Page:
Public high school teachers in Ontario won't go on strike this fall, keeping students in class, if they agree to accept a proposed deal struck Friday between the province and their union.
The deal — the province called it a "tentative agreement" while the union called it a "proposal" — would see the two sides continue bargaining until Oct. 27, at which point they would enter binding arbitration to resolve any remaining issues.
"This proposal does establish a clear pathway forward in this round of bargaining that could potentially end in arbitration," said Karen Littlewood, president of the Ontario Secondary School Teachers' Federation (OSSTF).
"If accepted, the proposal provides that there will be no job action or lockouts during this round of bargaining."
Education Minister Stephen Lecce said the process "keeps students in class and ends the threat of strikes both provincially and locally."
Bargaining unit presidents and chief negotiators with the union voted to recommend the proposal to members, the union said. An internal vote on the proposal will take place through September.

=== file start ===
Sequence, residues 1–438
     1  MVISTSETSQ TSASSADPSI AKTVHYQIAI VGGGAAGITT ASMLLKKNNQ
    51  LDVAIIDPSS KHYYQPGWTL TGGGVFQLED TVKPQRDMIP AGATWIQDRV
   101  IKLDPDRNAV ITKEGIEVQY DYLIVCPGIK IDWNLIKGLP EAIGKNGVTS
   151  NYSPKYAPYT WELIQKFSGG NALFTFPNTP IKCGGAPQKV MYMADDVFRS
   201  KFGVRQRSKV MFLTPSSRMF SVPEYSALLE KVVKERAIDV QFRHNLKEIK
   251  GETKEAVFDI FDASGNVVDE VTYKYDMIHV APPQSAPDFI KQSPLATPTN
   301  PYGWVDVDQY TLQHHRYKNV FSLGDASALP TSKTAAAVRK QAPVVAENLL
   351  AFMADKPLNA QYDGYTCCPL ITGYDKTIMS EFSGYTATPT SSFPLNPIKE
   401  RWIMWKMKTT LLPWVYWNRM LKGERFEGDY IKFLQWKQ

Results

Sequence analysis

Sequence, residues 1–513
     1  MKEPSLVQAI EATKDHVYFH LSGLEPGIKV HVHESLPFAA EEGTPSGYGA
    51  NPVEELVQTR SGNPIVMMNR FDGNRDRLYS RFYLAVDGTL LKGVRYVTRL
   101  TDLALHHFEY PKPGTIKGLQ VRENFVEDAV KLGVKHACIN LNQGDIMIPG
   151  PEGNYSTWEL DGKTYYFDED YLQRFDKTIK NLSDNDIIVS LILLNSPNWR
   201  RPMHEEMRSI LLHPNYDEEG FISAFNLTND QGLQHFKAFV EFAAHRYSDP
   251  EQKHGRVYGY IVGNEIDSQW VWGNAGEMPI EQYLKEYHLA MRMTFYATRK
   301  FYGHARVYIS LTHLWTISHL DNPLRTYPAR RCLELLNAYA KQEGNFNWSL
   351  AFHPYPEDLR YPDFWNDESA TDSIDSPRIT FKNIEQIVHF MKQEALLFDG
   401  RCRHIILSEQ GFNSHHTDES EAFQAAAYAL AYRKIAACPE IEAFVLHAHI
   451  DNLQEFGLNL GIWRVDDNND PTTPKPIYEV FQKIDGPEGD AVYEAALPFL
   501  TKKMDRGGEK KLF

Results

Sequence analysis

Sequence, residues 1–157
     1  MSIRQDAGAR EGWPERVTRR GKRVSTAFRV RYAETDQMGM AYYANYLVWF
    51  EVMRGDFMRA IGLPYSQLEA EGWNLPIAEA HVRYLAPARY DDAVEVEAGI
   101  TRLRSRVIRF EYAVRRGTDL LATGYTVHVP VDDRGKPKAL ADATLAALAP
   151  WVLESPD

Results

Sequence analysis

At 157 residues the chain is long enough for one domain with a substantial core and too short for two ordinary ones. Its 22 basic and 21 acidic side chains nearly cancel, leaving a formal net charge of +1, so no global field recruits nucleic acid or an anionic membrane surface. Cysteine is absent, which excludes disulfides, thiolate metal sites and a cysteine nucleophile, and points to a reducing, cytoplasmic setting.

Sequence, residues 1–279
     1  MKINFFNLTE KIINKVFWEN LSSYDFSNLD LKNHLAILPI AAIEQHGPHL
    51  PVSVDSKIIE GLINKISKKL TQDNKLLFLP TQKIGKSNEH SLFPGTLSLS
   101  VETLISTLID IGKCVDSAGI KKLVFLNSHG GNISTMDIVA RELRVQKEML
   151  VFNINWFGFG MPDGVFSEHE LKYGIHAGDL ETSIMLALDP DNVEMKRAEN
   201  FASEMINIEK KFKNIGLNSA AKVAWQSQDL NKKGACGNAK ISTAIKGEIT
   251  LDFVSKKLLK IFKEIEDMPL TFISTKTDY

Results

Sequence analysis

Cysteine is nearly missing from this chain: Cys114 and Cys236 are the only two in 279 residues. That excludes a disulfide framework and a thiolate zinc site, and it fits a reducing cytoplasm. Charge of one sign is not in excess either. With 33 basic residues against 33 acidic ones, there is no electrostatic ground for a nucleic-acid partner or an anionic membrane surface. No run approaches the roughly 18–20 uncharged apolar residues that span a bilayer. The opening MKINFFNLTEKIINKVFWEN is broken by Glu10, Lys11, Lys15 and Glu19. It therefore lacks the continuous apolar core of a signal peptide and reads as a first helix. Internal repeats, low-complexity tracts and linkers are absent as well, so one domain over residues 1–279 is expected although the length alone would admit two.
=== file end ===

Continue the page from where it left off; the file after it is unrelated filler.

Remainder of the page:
Unions planned strike votes in fall
The news comes after both the OSSTF and the Elementary Teachers' Federation of Ontario said earlier this month that it would be holding strike votes this fall.
Littlewood said the proposal would also give OSSTF members a remedy for "wages lost" under a wage restraint law known as Bill 124. That 2019 law capped salary increases for teachers and other public sector workers to one per cent a year for three years.
It was ruled unconstitutional by an Ontario court, but the government has appealed.
She said the province and union are "nowhere near" a deal.
"In the event that we're not able to do that at the table, it will go to the voluntary binding arbitration and an arbitrator will be able to step in and say, 'Yep, here's a deal that's fair to education workers and fair for the students."
Lecce said he will make the same offer to elementary teachers and the union representing teachers in the French system.
Binding arbitration not one-size-fits-all: other unions
In a joint statement Friday, the unions for elementary, Catholic and French teachers said a similar proposal is not something they can consider at this time.
"Entering into binding arbitration at this juncture would not support the students we serve in elementary and secondary schools," the statement said.
The unions say binding arbitration would "all but guarantee" key issues brought to the respective bargaining tables would not be addressed.